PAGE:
With a ruthless, at times brutal, style of government, Avitabile established order in the province where he became known as Abu Tabela. Summary executions became usual, and it is said that he would have people executed by throwing them from the top of Mahabat Khan Mosque. The American adventurer Alexander Gardner wrote about Avitabile's rule in Peshawar: "Under his rule small pains are taken to distinguish between innocence and guilt, and many a man, ignorant of the alleged crime, pays for it with his life". While this brutality was shocking to visiting Europeans (in the words of Sir Henry Lawrence: he acts like a savage among savage men, instead of showing them that a Christian can wield the iron sceptre without staining it by needless cruelty), it proved both successful in maintaining order and even popular among the peaceful inhabitants.
His iron fist rule over Peshawar has made a place for him in local folklore. Even today unruly children in the city are brought to control by invoking Abu Tabela's name. In times of unrest, law-abiding citizens send a small wish for the return of an Abu Tabela to finally re-impose law and order.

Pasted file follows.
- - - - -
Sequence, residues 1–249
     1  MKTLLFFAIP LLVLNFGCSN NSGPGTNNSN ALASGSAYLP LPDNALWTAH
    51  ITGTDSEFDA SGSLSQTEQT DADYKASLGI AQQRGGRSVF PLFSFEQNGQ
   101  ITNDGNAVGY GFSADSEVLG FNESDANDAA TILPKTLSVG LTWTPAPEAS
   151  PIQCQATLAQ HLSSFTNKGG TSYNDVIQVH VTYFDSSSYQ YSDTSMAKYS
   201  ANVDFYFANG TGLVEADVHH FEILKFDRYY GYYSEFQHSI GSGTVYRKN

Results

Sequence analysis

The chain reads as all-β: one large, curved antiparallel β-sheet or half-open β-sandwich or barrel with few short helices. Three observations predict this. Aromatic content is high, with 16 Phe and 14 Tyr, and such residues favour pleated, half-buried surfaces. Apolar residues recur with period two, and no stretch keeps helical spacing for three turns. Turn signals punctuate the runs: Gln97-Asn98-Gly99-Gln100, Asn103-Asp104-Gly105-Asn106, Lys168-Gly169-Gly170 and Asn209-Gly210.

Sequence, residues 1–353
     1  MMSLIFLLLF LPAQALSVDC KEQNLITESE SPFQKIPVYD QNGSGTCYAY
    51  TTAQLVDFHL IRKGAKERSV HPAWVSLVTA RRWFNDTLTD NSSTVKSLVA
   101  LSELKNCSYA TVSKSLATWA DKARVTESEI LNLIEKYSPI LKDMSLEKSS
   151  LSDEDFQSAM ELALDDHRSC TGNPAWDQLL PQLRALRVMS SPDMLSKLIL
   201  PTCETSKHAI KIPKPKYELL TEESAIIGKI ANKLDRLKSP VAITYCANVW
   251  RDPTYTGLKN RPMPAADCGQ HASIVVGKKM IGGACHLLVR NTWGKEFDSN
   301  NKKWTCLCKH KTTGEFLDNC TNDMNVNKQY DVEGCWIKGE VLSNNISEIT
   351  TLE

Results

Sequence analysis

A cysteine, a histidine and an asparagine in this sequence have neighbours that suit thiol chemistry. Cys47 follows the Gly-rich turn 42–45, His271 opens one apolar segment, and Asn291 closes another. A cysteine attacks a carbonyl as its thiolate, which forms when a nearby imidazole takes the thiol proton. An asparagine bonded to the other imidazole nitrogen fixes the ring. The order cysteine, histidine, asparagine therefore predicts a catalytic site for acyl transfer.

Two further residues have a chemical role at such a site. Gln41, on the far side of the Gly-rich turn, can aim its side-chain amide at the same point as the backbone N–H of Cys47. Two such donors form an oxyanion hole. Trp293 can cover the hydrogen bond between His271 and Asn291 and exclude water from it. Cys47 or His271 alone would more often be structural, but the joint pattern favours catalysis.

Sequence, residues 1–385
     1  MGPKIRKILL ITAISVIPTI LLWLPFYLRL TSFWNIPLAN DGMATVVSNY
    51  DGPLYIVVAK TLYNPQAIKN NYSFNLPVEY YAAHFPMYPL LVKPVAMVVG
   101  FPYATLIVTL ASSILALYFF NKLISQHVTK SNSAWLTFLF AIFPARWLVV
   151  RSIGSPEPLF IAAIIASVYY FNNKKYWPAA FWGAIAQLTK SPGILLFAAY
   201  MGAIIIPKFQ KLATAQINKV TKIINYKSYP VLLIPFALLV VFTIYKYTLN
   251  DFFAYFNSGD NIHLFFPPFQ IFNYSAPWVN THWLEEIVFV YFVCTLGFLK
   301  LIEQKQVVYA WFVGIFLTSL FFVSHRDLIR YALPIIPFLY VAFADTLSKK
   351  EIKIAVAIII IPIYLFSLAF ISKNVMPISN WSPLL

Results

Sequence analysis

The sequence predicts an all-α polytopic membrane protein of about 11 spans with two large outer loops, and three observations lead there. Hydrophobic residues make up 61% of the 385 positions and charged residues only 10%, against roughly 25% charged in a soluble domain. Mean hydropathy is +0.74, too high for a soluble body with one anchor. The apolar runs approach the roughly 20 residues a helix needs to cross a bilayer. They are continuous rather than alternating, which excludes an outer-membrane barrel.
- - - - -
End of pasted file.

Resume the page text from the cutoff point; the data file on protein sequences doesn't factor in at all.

The control of this strategic position brought him in contact with the British army during the First Anglo-Afghan War (1839–42), where he was able to render vital assistance. As governor of Peshawar, Avitabile controlled the southern entrance to the Khyber Pass, although the Maharaja did not allow for the British to move through the Sikh Empire to reach the Khyber pass, he ordered Avitable to assist the British through the pass itself, into Afghanistan. During Elphinstone's advance in 1839, the British were well received in Peshawar and their officers received a princely treatment. Captain Havelock spent a month in Peshawar, and describes the splendour of Avitabile's court in his memoirs. He also gives a favourable characterisation of the governor: "He is, moreover, a frank, gay, and good-humoured person, as well as an excellent and skilful officer."
Avitabile was also a scholar and an engineer, who worked very closely with the most brilliant Sikh engineer Lehna Singh Majithia.
When the British returned in 1842, to avenge the defeat of Elphinstone, they were given every possible assistance by Avitabile's government, while he was still in the employ of the Sikh Empire as the Afghans had been a longtime enemy of the Sikhs.